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difference between dill weed and dill seed

In this article, you will learn everything you need to know about dill seed vs dill weed including what they are and the key differences between the two.

This spice plant is said to be related to plants such as parsley, coriander, caraway, anise, and carrots. It is famous as a spice ingredient and as a health-giving food because it is rich in vitamins and trace minerals. It is also famous in Asia as a traditional medicine for cough, GIT problems, and flatulence.

The definition of dill

Dill (Anethum graveolens) is a spice plant that has been cultivated in Asia for many centuries. It has also been popular in Europe for many years. Both the seeds and the leaves of this plant are used as ingredients in food preparation. And even though both ingredients come from the same plant, they each provide a unique taste.

In terms of taste, dill weed can be used fresh or when dry. When fresh, it can be mixed with cheese or soup. The weed/leaves taste like a mix of lemon, parsley, and a sprinkling of anise. In contrast, dill seeds taste different. They taste like caraway. So dill weed and dill seed taste different despite coming from the same plant.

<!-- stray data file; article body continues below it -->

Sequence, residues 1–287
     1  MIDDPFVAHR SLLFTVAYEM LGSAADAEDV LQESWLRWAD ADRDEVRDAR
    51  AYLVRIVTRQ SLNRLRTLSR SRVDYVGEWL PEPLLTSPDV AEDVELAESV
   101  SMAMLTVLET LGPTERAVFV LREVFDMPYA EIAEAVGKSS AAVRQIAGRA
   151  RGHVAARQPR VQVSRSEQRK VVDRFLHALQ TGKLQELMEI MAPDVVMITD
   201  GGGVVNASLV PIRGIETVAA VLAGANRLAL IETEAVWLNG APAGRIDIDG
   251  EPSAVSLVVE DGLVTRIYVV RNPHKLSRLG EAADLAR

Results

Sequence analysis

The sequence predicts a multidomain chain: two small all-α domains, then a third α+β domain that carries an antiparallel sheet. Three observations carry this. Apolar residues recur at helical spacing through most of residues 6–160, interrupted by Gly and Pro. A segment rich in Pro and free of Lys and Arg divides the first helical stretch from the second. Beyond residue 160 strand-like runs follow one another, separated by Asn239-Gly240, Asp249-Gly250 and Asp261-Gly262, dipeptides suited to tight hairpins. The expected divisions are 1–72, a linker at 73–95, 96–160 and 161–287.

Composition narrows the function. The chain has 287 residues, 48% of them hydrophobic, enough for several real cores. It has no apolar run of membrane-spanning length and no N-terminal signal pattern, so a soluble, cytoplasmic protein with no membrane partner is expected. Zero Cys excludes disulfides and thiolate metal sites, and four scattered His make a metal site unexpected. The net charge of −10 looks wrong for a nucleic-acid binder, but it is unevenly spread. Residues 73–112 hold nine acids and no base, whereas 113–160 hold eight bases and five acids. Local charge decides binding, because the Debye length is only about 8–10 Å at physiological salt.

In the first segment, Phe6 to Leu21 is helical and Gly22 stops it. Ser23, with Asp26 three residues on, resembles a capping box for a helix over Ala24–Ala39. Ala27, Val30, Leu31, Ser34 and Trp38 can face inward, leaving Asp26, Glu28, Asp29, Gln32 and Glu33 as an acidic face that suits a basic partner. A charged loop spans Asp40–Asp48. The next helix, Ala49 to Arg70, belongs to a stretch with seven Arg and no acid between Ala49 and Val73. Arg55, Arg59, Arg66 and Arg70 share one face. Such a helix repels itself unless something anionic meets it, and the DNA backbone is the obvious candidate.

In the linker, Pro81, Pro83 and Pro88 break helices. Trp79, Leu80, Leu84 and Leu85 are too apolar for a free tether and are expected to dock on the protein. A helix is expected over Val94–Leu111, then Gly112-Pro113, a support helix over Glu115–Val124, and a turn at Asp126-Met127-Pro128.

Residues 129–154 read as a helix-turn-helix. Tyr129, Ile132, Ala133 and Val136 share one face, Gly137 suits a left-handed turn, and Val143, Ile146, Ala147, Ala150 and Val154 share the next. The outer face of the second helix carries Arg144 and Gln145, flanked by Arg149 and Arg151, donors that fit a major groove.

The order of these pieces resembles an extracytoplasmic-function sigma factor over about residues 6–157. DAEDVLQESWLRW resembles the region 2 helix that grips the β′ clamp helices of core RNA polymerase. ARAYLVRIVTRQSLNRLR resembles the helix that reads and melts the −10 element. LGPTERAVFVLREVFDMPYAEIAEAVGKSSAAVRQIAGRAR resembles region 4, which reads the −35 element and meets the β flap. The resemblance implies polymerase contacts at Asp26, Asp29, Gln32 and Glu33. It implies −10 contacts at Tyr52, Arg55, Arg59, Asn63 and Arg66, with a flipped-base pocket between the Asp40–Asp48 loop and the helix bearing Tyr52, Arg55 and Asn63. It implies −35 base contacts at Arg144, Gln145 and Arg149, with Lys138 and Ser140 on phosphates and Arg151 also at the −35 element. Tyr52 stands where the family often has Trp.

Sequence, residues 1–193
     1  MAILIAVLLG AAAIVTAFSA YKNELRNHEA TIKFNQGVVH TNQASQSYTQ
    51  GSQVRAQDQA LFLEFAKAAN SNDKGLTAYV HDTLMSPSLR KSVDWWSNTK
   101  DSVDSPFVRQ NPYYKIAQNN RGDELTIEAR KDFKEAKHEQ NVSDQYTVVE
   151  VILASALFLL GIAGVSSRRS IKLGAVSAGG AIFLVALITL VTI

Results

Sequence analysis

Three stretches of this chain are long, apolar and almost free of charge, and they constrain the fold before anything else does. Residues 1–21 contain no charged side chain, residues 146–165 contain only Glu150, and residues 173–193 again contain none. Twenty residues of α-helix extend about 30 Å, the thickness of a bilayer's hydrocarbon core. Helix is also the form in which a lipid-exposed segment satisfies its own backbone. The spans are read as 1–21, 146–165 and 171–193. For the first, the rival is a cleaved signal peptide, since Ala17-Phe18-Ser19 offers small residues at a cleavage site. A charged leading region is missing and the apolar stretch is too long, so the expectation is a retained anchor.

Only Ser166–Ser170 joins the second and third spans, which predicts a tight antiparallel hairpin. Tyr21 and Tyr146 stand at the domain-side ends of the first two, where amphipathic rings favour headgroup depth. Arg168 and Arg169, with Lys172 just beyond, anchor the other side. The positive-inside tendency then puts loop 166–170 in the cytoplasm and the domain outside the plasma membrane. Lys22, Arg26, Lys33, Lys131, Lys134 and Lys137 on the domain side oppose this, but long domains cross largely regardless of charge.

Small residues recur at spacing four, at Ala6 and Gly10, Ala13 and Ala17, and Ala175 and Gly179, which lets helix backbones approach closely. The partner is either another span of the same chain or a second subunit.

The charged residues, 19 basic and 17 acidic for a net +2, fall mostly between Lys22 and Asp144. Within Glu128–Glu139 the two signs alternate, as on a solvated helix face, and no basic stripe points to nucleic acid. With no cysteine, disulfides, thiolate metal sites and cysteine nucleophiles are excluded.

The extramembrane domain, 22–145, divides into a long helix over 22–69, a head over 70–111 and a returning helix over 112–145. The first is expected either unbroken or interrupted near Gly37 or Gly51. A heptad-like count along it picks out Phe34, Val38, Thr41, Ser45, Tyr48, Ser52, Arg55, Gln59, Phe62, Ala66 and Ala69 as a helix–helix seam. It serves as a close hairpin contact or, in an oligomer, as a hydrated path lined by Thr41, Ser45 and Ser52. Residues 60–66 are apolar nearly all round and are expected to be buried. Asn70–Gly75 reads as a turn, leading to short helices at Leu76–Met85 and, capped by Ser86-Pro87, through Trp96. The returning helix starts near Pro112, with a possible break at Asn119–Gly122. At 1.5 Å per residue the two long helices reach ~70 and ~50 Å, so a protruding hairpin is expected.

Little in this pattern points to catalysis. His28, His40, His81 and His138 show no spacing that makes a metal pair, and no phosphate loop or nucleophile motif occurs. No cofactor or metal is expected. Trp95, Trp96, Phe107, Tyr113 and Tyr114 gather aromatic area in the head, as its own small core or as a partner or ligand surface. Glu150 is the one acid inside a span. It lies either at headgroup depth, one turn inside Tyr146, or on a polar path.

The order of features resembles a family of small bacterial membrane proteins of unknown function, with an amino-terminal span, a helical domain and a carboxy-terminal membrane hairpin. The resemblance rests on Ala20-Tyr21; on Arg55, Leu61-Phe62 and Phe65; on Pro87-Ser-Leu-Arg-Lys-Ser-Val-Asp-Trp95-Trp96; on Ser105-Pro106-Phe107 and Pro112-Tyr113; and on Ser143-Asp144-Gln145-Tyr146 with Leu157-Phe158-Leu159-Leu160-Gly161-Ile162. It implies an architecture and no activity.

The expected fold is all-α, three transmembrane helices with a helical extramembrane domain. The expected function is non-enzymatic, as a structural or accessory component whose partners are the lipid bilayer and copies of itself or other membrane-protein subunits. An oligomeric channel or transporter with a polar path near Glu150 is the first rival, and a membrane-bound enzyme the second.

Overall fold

Despite their different tastes, both dill weed and dill seed taste nicer when cooked.

The dill plant is versatile in that you can use both the leaves and the seeds to provide flavor. “Dill weed” is the term used for the leaves; you can use them as an herb and use the seeds as a spice. Both forms of dill are essential for your spice collection as they are both popular ingredients in a number of different cuisines from all over the world. If you have encountered one or both forms of dill in your local supermarket, you may have wondered if there are any differences between the two. Do they have the same flavor? Can you use one in place of the other? Our Spiceography Showdown will provide you with answers.

Like many herbs, the seeds and the leaves do have some similarities but they are not identical. The flavor of dill leaves is similar to that of parsley and anise with notes of lemon. While dill seeds do have the same notes of anise, they also have notes of caraway. The seeds’ flavor is more pungent and some cooks even consider it slightly bitter and reminiscent of camphor; on the other hand, the leaves’ flavor is more delicate. In addition to all that, dill seeds have a characteristic not found in dill weed: their flavor tends to become stronger when heated.

Does dill weed have the same taste as dill seeds?

Because of the flavor differences, the seeds and leaves of the dill plant are not ideal replacements for each other; however, it is possible in a pinch. Keep in mind that you will need to use different amounts when substituting one for the other. Three heads of dill weed is roughly equivalent to a single tablespoon of the seeds. In addition, bear in mind that the seeds stand up to longer cooking times better than the leaves. This means that if you are using dill weed in place of the seeds, it is best to add them towards the end of the cooking time rather than at the beginning.